NOIDA / November 14, 2022: One out of every three people with uncontrolled diabetes for 10-12 years develop diabetic retinopathy which, if not treated in time, causes irreparable eye damage and vision loss. Diabetic retinopathy is the third leading cause of blindness in India after cataract and glaucoma, but majority of Indians are not even aware that diabetes has an impact on the eyes. This was stated by Dr. Saurabh Choudhry, CEO, ICARE Eye Hospital, Noida, one of Delhi-NCR’s oldest and largest NABH-accredited eye hospitals established in 1993.
Said Dr. Saurabh Choudhry, CEO of ICARE Eye Hospital, Noida: “According to recent studies, 63% of Indians lack awareness that diabetes can damage eye health. In fact, 93% of diabetic patients in the country tend to visit an ophthalmologist only after they have started experiencing vision problems. But at that stage, the damage to the eye is significant and treatment becomes difficult. Eyes are a window to the body. Through regular eye checkups, diabetes-induced changes in the eyes can be picked up early, even though the patient has no symptoms. In fact, a huge number of cases of diabetes get diagnosed due to a routine eye exam! It is recommended that all healthy people should undergo an eye exam once a year, and diabetic patients should see an eye doctor once every four months.”
He added: “About 80% of patients of diabetic retinopathy face visual challenges while driving, reading, or working. Early detection, keeping good control of sugar levels and availability of laser procedures can allow diabetic patients to maintain good vision lifelong. Unfortunately, most patients in India, even though belonging to the affluent, educated class of the society, do not undergo regular screening for either eyes or diabetes, and reach us in advanced stages when treatment becomes a challenge. Regular eye screening and on-time treatment is mandatory for a diabetic patient to prevent complications of retinopathy.”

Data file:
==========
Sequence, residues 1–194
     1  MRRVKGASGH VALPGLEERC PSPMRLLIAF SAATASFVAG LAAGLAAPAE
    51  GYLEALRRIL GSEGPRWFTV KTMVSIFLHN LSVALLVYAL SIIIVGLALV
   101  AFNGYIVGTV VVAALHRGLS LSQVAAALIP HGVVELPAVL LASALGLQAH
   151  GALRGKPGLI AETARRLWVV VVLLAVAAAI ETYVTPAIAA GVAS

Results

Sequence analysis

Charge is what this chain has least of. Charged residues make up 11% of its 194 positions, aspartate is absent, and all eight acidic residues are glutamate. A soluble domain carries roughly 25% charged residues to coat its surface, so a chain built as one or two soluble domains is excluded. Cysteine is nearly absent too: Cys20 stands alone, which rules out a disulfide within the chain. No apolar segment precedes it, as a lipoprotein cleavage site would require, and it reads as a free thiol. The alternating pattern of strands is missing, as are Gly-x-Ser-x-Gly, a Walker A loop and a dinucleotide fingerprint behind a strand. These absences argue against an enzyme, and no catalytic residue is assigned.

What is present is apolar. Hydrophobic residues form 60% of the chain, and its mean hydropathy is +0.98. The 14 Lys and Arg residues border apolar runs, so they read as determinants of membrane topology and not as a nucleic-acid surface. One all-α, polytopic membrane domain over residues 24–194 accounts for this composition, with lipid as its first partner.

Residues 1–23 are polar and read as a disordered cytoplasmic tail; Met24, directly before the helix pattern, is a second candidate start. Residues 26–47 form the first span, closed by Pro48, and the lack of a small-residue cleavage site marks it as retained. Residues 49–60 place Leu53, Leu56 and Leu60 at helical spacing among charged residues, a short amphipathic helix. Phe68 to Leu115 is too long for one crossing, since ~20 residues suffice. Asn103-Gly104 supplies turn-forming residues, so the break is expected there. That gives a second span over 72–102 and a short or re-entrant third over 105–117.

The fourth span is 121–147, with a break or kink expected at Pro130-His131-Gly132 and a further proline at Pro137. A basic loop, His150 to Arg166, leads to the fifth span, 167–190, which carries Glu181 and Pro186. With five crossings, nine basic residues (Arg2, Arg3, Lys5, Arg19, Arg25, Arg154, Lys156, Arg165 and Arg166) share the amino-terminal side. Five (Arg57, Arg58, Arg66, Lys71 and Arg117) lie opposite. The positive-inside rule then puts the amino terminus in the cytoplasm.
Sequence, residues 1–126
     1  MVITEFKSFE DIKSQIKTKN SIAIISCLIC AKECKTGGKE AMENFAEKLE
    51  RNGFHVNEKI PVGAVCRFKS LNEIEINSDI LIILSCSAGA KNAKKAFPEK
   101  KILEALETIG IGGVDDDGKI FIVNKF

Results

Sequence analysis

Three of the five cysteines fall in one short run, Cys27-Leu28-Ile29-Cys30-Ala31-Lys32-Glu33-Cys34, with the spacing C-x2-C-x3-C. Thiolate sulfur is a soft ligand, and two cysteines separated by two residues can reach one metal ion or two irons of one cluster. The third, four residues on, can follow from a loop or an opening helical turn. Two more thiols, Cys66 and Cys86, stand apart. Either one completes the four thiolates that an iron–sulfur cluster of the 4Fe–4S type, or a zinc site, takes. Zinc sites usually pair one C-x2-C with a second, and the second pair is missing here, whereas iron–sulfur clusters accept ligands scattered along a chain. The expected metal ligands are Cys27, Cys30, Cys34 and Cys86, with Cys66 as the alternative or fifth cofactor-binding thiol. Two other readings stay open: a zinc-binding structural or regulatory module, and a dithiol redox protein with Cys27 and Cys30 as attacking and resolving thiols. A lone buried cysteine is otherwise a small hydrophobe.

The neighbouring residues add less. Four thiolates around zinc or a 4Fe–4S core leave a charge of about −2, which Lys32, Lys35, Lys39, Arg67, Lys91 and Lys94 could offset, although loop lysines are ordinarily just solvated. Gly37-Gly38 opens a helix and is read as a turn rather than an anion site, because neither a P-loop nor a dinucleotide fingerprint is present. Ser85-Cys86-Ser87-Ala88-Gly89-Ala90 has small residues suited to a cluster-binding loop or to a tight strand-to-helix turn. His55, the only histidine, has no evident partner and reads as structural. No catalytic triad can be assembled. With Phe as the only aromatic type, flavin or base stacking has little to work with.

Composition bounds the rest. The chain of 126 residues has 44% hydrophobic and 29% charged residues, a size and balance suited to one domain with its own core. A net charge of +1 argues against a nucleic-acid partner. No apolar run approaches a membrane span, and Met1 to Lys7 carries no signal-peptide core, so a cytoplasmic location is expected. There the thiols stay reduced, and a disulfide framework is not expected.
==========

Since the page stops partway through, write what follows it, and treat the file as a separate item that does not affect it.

Over 95 million adults have diabetic retinopathy in the world. About 80% of them face visual challenges while driving, reading or working. Apart from diabetic retinopathy, diabetes also leads to dry eyes and early onset of cataracts. Diabetic patients tend to get cataracts in mid-fifties, about ten years earlier than people without diabetes, according to the doctor.
Said Dr. Saurabh Choudhry: “Most patients in India do not realize they have diabetes until or unless they need to go to a hospital due to some complication of the disease. Routine eye screening is not a priority in India, leading to large number of diabetic patients turning blind or landing up at hospitals for prolonged treatment, which is expensive for their families and not sustainable if they are from an underprivileged socio-economic background.”
ICARE Eye Hospital, a tertiary eye hospital, gets referred cases from all Delhi-NCR and beyond. Its Retina Department, with a state-of-the-art retina department, is staffed by dedicated retina specialists. It gets a daily footfall of over 150 patients, out of which about 100 are diabetic. Out of these 100, about 40 are found to suffer from diabetic neuropathy.
Diabetic retinopathy occurs when blood vessels in retina get damaged due to high blood sugar levels in the body. Early symptoms include floaters, blurriness, blank or dark areas of vision, poor night vision and difficulty perceiving colors. While mild cases can be treated with proper diabetes management, advanced cases require laser treatment or surgery.